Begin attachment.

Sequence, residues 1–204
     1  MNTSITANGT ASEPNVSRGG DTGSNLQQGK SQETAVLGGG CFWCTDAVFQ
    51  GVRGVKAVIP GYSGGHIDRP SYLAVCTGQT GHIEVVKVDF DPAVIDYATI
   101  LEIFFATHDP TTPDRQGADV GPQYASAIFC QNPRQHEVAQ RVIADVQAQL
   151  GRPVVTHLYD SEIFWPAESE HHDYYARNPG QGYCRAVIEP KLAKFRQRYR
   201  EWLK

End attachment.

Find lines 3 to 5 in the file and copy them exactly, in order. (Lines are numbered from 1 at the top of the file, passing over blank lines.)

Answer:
    51  GVRGVKAVIP GYSGGHIDRP SYLAVCTGQT GHIEVVKVDF DPAVIDYATI
   101  LEIFFATHDP TTPDRQGADV GPQYASAIFC QNPRQHEVAQ RVIADVQAQL
   151  GRPVVTHLYD SEIFWPAESE HHDYYARNPG QGYCRAVIEP KLAKFRQRYR